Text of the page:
• Lipoma: “soft lobulated radiolucent lesions”. They are encapsulated nodules of adipose tissue, presenting as a breast lump.
            • Haematomas: Commonly form following trauma, such as an RTA or after a FNA. A large, red, bruised area arises on the breast and may spread towards the abdomen. It is seen as an ill-defined and hyper-echoic mass on ultrasound. Note that it is extremely rare for a breast cancer to present with a spontaneous haematoma.
            • Fat Necrosis: Commonly following direct trauma to the breast causing thickening and scarring of the breast tissue which appears as a lump. Similar to that of fibrocystic change. This can occur at any age, with the patient unaware of the traumatic event.
            • Sarcoidosis: Sarcoid can present with single or multiple breast masses. It may be a primary site for the sarcoid or as a secondary site from sarcoidosis elsewhere in the body. Diagnosis is confirmed by a core biopsy.

             

             

            Cysts

            7% of women in the western world will present with palpable breast cysts (macrocysts) at some stage in their life. It is a discrete entity consisting of a palpable fluid sac, a distended and involuted lobule within the breast tissue. Cysts typically present in perimenopausal women and can be painful, visible, and of varying size. It has been documented in post-menopausal women receiving hormone replacement therapy due to exxcessive circulating oestrogen. Cysts are thought to originate from the terminal duct and is regulated by the hormonal balance within the body. Menstruation causes the ducts to dilate. A blockage results in the failure of the duct to shrink after menstruation, and is the possible mechanism for development of a cyst. Stroma surrounding the cyst can often become fibrotic and histologically show clusters of chronic inflammatory cells.

            Cysts have a characteristic halo on mammograms and can be easily diagnosed by ultrasonography and a FNA. If any residual mass is present following aspiration, a mammogram is required.  Only 1-3% of patients with cysts coincidentally have a carcinoma, with very few having a direct association between the two. The risk of developing breast cancer in the future is only slightly increased for patients who have a history of cysts (RR x 2-3). However, it is debatable whether this is of any clinical significance. Clinically, a low pressure cyst will appear soft and fluctuant. The firm characteristics of a deep or tense cyst may resemble a tumour. Generally cysts can develop at a rapid rate, as quickly as an overnight presentation. Resolution can also take a similar course.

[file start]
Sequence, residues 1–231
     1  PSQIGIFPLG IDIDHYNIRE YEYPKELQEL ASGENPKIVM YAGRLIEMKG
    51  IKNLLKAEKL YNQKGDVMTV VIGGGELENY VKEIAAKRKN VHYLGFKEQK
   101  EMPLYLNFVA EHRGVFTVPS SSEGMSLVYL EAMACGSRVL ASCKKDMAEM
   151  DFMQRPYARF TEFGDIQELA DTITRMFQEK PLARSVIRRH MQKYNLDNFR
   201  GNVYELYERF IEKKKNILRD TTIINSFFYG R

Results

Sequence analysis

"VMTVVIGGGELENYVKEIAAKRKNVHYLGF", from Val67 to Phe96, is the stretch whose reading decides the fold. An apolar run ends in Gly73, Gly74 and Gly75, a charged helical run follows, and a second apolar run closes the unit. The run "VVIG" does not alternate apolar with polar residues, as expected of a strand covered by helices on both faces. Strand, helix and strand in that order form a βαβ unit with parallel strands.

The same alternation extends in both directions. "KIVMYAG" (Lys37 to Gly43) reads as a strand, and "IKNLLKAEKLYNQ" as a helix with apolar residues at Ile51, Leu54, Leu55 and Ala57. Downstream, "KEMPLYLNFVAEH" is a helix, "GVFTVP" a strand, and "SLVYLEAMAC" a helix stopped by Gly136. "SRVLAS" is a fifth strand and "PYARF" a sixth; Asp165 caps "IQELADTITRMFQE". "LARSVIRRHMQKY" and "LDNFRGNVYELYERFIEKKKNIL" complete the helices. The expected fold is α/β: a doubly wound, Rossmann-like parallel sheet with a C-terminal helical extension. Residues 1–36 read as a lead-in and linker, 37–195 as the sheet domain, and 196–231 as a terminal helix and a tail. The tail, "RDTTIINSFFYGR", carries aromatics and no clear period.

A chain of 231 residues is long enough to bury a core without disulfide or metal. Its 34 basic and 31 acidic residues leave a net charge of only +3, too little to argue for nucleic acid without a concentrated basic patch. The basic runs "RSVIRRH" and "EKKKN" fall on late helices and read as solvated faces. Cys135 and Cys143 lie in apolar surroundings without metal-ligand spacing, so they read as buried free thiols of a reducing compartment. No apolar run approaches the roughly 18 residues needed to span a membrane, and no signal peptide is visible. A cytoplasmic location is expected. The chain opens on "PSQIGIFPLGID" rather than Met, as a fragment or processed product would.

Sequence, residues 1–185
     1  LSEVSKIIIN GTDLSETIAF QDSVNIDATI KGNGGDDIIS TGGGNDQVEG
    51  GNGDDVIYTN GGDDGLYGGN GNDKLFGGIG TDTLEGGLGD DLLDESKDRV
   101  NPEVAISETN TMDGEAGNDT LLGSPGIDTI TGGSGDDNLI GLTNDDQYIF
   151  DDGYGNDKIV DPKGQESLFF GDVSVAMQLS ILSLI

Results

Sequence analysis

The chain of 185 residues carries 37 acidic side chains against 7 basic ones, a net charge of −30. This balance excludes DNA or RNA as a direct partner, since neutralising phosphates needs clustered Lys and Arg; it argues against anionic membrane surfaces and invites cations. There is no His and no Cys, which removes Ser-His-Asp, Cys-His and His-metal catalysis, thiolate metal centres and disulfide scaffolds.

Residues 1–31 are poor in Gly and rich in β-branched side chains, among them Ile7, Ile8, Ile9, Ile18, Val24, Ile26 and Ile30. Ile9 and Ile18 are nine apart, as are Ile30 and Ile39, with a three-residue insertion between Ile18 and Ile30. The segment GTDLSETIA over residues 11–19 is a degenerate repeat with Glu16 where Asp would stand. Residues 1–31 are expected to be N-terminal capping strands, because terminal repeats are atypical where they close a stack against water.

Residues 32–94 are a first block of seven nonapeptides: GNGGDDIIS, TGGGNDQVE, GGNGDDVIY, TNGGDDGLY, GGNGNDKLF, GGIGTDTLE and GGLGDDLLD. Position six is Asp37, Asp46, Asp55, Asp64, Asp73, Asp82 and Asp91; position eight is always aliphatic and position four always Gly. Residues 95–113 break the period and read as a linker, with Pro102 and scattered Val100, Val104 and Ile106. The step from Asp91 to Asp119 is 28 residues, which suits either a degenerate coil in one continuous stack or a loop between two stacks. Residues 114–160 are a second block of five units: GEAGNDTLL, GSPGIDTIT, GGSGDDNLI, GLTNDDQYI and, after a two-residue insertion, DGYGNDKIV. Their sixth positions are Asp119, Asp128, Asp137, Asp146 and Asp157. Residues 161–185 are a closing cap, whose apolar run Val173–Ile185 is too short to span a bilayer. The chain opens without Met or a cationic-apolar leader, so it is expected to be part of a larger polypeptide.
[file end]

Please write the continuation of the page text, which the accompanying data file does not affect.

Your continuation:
*Galactocele: a simple milk-filled cyst formed by overdistention of a lactiferous duct. A firm, non-tender mass is felt. Commonly in the upper outer quadrants and can almost always be cured by diagnostic aspiration.

             

             

            Fibroadenoma

            Fibroadenomas are one of the most common benign solid tumours of breast tissue. They present anytime after the start of puberty but appear to have a high incidence in the third decade, and under the age of 25. They are seen more commonly in African-American women. They develop from an entire lobule rather than a single cell. Fibroadenomas are classified into four different types:

            • Giant adenoma - >5cm.
            • Juvenile adenoma - in adolescent females. They undergo rapid growth.
            • Phyllodes tumours - distinct pathological entireties, not always easily differentiated from common fibroadenomas.
            • Common fibroadenoma

             

            These breast lumps are responsive to the bodies’ hormones and have a characteristic course of increasing size towards the end of each menstrual cycle. Hence during pregnancy, the cyst remains enlarged. Clinically, fibroadenomas are well-circumscribed, freely moveable tumours with a configuration seen as rounded, lobulated or even discoid. They are rarely painful.  On ultrasound you should expect to see uniform internal echoes with sharp borders. If a distinct diagnosis can be made from ultrasound then the patient is followed up with regular examinations, as it may not be necessary to carry out FNA biopsy. Treatment of fibroadenomas >4cm in size is by excision. If the patient is under 40 years of age, then excision will not usually be carried out, unless specifically requested by the patient.

             

             

            Periductal Mastitis

            Periductal mastitis occurs in perimenopausal and postmenopausal women and is characterized by the unilateral dilatation of subareolar ducts. Presentation is usually a painful or tender mass, and may often be accompanied by skin retraction, which can lead to difficulties in diagnosing a benign or malignant mass. Nipple inversion results from traction on the nipple by fibrotic and shortening ducts. This is common in 30-40% of cases. There may also be serous or bloody discharge expressed from the nipple. Evidence shows that periductal inflammation is followed by duct ectasia.